Impurities. - Acid tartrate; detected by insolubility. Carbonates; by quantitative test.

Dose. - 20 to 60 gr. as a diuretic and antacid; 2 to 4 dr. as a purgative.

3. Potassae Nitras

Potassae Nitras. Nitrate of Potash, Nitre, Saltpetre. KNO3.

Source. - Found native, and purified by crystallisation. the Characters. - Striated colourless prisms, of a peculiar saline taste. Solubility, 1 in 4 of water.

Dose. - 10 to 30 gr.

From Potassae Nitras is made:

Potassae Sulphas. - Sulphate of Potash. K2SO4.

Source. - Prepared from Nitrate of Potash and Sul-phuric Acid, which yield the acid sulphate - KNO3 + H1SO4 = KHSO4 + HNO3; then adding Carbonate of Potash - 2KHSO4 + K2CO3 = 2K2SO4 + H1O + CO2

Characters. - Colourless hard six-sided pri-terminated by six-sided pyramids. Solubility, 1 in 10 of water; not soluble in spirit.

Impurities. - Other sulphates, and chlorides.

Dose. - 15 to 60 gr.

Potassae Sulphas is contained in:

Pulvis Ipecacuanha Compositus.- 8 in 10;

Pilula Colocynthidis Compositu; and Pilula Colo-cynthidis cum Hyoscyamo.

Action And Uses. 1. Immediate Local Action And Uses

Externally. - Potash, in the form of potassa caustica, is a powerful irritant and caustic, absorbing water from the part to which it is applied, and converting it into a moist, grey slough. It is used to destroy morbid growths, to form issues, and to stimulate ulcers. Solutions of liquor potassae or the carbonates neutralise caustic acids on the skin. Hot dilute solutions relieve the pains of rheumatism and gout when used as local baths or fomentations to the affected joints. Weak compounds of potash with olive oil constitute soft soaps, which also have antacid and cleansing properties.

Internally. - Potash and its salts have an alkaline action, and are employed as antidotes to the caustic acids; but the use of the carbonates for this purpose ought, if possible, to be avoided, on account of the great development of carbonic acid. In the mouth, potash checks for a moment the secretion of saliva. Reaching the stomach, it partly neutralises the contents; and liquor potassae effervescens will relieve acidity due to excess of gastric juice, or to the decomposition attending indigestion.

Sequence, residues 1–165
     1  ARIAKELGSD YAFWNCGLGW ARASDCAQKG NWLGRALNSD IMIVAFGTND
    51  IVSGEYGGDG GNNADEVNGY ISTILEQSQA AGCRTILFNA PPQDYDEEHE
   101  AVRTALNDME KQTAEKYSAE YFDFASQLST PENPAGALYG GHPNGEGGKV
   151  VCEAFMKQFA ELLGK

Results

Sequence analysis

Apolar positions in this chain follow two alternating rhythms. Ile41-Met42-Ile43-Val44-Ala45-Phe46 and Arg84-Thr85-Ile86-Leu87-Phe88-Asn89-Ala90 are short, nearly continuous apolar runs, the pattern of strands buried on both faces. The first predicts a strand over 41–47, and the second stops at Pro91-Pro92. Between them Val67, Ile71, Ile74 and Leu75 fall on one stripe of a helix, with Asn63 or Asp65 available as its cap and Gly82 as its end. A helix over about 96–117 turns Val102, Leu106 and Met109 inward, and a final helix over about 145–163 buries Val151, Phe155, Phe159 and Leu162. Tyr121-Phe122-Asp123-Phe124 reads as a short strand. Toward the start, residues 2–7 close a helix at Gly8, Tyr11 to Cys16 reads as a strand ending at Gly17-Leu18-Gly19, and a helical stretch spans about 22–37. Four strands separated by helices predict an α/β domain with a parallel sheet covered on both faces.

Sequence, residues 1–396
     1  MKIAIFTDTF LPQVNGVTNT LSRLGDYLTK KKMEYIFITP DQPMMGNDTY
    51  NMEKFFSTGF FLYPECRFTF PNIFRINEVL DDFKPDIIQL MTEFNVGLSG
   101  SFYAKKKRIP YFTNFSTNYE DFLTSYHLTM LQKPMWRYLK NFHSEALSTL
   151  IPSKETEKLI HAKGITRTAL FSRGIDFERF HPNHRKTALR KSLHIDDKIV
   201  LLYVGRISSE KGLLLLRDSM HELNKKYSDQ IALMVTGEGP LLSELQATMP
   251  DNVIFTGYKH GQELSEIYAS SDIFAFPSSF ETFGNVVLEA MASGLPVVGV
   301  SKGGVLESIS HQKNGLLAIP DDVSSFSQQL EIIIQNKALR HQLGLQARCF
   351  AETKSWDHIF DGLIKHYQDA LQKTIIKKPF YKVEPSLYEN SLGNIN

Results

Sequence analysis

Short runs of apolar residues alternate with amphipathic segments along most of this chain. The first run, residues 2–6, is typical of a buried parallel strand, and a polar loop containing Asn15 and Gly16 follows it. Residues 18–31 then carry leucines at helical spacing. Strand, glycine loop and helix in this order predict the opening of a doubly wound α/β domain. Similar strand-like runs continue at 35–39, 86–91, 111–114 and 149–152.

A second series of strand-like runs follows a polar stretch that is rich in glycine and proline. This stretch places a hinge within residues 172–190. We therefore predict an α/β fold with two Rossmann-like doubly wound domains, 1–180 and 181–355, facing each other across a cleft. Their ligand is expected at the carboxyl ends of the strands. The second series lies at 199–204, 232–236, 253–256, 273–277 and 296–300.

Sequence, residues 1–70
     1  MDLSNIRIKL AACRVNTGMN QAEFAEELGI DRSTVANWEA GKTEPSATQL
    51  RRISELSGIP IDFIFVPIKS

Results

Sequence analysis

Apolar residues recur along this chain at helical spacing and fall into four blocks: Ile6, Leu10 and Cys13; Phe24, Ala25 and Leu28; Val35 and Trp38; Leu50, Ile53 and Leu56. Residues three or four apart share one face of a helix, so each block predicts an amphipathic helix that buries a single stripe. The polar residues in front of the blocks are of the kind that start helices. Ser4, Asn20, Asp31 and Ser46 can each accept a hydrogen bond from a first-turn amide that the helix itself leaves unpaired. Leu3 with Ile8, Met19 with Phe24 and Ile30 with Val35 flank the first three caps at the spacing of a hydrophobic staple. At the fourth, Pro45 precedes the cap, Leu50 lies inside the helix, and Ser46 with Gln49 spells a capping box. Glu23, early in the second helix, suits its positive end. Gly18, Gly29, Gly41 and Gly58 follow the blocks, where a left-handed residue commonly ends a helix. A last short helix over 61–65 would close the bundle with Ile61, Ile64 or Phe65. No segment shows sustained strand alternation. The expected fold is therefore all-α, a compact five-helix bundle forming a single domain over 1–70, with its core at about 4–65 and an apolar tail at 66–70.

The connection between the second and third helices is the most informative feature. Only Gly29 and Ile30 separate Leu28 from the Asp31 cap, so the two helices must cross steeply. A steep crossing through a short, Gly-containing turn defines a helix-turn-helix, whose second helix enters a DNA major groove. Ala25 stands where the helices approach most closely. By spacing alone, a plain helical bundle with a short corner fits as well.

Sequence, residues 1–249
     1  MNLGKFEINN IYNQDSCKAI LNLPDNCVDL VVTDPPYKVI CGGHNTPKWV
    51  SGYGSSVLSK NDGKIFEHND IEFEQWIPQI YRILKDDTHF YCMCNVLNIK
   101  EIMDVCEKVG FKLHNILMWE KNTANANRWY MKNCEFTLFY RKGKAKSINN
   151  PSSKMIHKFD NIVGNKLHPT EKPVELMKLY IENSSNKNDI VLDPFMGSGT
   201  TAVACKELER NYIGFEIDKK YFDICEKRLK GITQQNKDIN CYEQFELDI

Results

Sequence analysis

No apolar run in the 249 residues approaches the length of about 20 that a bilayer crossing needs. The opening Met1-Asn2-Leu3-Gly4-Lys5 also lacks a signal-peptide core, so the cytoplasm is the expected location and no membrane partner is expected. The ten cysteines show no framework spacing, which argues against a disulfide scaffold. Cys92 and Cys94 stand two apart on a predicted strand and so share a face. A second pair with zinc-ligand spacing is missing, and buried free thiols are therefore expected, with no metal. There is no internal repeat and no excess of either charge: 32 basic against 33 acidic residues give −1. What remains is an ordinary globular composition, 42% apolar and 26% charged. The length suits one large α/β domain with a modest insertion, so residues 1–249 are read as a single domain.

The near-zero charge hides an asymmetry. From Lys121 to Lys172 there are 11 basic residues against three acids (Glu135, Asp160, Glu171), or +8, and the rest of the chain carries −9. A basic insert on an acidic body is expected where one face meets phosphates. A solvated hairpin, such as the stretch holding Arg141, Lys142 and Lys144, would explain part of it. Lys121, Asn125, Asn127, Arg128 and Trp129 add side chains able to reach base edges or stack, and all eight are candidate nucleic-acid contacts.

Of much greater importance is the stomachic action of potash given shortly before meals, when, as a dilute alkali, it is a natural stimulant to the gastric follicles, increasing the flow of the juice, and is a sedative to the nerves. Liquor potassae and bicarbonate may be used for this purpose in dyspepsia, especially when there is much pain and tendency to sickness, or when the further action of potash on the system is desired, as in gouty, rheumatic, and calculous subjects; but soda is more commonly employed. Large doses of the bicarbonate are apt to irritate the stomach.

Some valuable saline purgatives belong to the potash group, notably the acid tartrate, tartrate, and sulphate. The rationale of the action of saline purgatives is discussed in Part III. In dropsy from any cause, especially ascites from liver disease, the acid tartrate, in the form of Pulvis Jalapae Compositus, of an electuary with honey, or of a lemonade, may be used to remove the water by the bowels, its hydragogue effect being assisted by its action as a diuretic.

2. Action On The Blood And Its Uses

Potash is freely absorbed into the blood in the form of salts, and there acts both on the plasma and red corpuscles, 'increasing the natural alkalinity of the former, and improving the quality and increasing the number of the latter when judiciously combined with iron. As an alkaliniser of the plasma, although exceedingly transitory in its action, very rapidly excreted, potash is a valuable remedy in gout, where it combines with the excess of uric acid in the blood and facilitates its excretion. The carbonates, citrates, and tartrates of potash in various forms, and the waters of such spas as Baden-Baden, Wiesbaden, Vichy, Carlsbad, and Aix-la-Chapelle, which contain definite though small quantities of potassium salts, are extensively used for the treatment of acute and chronic gout. The salts of the vegetable acids, or the effervescing carbonates, are the best preparations for prolonged use. In acute rheumatism the bicarbonate, citrate, tartrate, and acetate are successfully employed to increase the alkalinity of the blood. For restoration of the red corpuscles in anaemia by the increase of their potash element, the carbonate is the best haematinic, either as contained in the Mistura Ferri Composita, or given as a pill with sulphate of iron (Blaud's Pill).